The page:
Young People Take to the Street in Solidarity with Ferguson, Garner and vs. other Killings
Posted by carldavidson on December 5, 2014
Pittsburgh police give Downtown protesters their space
By Liz Navratil
Dec 4, 2014 – Julia Johnson let out a piercing scream on the steps of the City-County Building on Thursday afternoon.
“Stop killing us!” she yelled next. Then, she screamed loudly once more.
Below her, on the steps leading to the Downtown building, dozens of people lay on the ground, their limbs splayed outward as if they were dead. Later, some would be outlined in chalk, and Ms. Johnson would scatter flower petals over their bodies.
On the outskirts of the protest — which at times swelled to include about 100 people — were Pittsburgh police officers on bicycles and on foot, some in plainclothes. Most of them stood silently or chatted with one another while the crowd — over about two hours — chanted slogans such as “no justice, no peace” and “no racist police.”
Their message was being echoed at similar demonstrations across the country — they decried a New York City grand jury’s decision not to indict an officer who killed Eric Garner in a chokehold this year and lamented a Missouri grand jury’s decision not to charge an officer who killed unarmed teenager Michael Brown.
Protesters rally against police brutality and racism by marching with their hands up along Liberty Avenue, Downtown. Michael Henninger/Post-Gazette
But this demonstration, unlike some in other cities, ended peacefully and without arrests.
Pittsburgh police Cmdr. Eric Holmes stood on the fringes of the protest as groups blocked traffic at four intersections and as one of his officers coordinated with demonstrators to clear the path for a woman driving her child to Children’s Hospital of Pittsburgh of UPMC.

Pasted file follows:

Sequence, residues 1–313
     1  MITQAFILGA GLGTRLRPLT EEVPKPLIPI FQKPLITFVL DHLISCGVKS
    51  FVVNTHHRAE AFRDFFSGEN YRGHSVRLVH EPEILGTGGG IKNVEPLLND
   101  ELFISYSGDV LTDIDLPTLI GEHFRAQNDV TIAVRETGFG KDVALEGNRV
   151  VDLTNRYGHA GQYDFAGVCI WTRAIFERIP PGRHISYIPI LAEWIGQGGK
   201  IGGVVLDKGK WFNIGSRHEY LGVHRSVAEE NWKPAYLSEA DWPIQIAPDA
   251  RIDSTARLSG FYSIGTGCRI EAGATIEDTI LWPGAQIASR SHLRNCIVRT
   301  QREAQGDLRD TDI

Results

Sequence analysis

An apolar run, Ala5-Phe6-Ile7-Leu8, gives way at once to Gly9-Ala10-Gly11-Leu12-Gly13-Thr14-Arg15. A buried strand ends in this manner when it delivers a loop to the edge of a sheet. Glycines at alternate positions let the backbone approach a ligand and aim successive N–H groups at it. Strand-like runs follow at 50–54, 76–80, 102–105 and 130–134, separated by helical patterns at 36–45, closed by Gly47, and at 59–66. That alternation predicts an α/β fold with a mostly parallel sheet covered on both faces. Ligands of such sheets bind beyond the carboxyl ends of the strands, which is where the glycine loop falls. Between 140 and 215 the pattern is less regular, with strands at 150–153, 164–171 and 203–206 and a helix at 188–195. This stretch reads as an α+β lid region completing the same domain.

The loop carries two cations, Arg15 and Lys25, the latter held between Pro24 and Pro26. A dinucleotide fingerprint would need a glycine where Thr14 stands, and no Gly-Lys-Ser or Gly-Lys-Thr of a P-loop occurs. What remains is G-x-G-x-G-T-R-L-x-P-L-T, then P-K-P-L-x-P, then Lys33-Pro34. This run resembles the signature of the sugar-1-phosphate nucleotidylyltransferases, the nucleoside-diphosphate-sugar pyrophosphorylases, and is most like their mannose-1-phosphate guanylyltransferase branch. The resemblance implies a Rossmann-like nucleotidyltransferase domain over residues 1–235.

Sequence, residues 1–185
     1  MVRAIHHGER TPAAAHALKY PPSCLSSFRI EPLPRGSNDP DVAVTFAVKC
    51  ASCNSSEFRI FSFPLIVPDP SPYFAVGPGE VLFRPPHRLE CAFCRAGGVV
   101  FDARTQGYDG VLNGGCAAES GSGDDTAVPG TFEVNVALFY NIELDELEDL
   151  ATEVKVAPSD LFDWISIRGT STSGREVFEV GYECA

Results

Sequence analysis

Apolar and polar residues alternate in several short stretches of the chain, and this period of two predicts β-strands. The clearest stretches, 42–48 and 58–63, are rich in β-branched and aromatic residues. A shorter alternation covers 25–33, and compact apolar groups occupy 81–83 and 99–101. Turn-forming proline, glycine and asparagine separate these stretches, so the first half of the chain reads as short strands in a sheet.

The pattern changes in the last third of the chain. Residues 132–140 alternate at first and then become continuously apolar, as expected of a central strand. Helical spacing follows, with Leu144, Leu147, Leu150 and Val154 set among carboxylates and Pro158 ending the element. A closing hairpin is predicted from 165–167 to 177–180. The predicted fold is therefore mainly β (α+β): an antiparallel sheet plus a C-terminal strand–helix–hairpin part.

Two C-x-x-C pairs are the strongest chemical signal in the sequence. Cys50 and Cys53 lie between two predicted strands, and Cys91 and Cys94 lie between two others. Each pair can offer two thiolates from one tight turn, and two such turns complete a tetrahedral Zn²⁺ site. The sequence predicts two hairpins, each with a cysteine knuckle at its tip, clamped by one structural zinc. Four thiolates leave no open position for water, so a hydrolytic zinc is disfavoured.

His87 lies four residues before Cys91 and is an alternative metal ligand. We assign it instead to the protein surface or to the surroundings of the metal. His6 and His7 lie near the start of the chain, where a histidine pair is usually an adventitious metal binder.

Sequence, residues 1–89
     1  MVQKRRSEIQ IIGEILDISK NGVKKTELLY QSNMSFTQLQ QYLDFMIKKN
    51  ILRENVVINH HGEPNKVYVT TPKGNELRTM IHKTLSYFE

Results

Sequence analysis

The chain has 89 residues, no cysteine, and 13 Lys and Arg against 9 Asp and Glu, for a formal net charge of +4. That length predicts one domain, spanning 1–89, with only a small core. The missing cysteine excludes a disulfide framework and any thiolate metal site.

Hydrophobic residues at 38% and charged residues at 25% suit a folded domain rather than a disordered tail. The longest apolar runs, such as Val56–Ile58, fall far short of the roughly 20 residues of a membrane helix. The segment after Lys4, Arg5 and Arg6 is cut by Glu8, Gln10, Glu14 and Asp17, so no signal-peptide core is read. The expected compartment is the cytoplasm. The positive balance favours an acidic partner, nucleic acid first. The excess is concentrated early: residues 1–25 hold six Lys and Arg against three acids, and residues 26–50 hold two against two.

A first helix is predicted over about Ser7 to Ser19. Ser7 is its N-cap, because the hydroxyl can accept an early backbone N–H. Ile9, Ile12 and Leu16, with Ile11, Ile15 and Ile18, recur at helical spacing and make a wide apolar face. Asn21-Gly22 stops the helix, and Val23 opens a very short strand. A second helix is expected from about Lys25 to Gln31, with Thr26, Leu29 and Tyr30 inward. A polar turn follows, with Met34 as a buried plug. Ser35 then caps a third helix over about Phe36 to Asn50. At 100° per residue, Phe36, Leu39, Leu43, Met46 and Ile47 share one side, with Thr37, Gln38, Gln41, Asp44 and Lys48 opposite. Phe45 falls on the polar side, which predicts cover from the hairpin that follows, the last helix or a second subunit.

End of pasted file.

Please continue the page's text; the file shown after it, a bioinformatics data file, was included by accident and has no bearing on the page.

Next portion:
The issues discussed, he said, were important to many officers on the force. “I obviously recognize that I’m an African-American male, so I’m going to come to the discussion on both sides.”
Cmdr. Holmes said he took a “passive approach” to working with the demonstrators. “I allowed them to block the street, and I made that call, so that decision rests with me. We wanted to make sure that individuals are allowed to exercise their First Amendment rights and we do recognize that with that comes a cost, and today that cost was [the] disruption of traffic.”
Elizabeth Pittinger, executive director of the Citizen Police Review Board, watched as the group gathered outside the City-County Building. She praised the police and the protesters for the way they acted. The 2009 G-20 Summit aside, she said, Pittsburgh residents and police have a long history of peacefully interacting with each other at protests.
Still, tensions at times were high. Iyanna Bridges, who is black, yelled in the street at a white man who she said described their protest and stories as “funny.”
“It was not funny,” she said. Ms. Bridges, 24, who recently moved to the area from New York City, said she cried when she learned that New York City Officer Daniel Pantaleo would not be charged in the July death of Mr. Garner.
“I have two sons,” Ms. Bridges said.
Another mother, Carmen Alexander, 44, of Braddock, said she thinks Braddock officers have unfairly targeted her son and grandchildren. “I’m scared for them,” she said.
A few miles away, at the University of Pittsburgh campus, others held a separate demonstration. Chancellor Patrick Gallagher wrote a letter to students and staff Thursday sympathizing with the protesters and also quoting the university code of conduct, which encourages “an atmosphere of mutual respect and civility, self-restraint,” and other similar qualities.
The Garner and Brown cases, as well as the earlier killing of Florida teenager Trayvon Martin, he wrote, “collectively are galvanizing powerful reactions of anger and outrage across the country because they indicate that for too many, especially those in our African American communities, the American promise of ‘equal protection under the law’ is not being realized … I am proud of our Pitt students and faculty and staff who are channeling their anger and outrage in positive ways that can and will make a difference.”
Liz Navratil: email@example.com First Published December 4, 2014 1:54 PM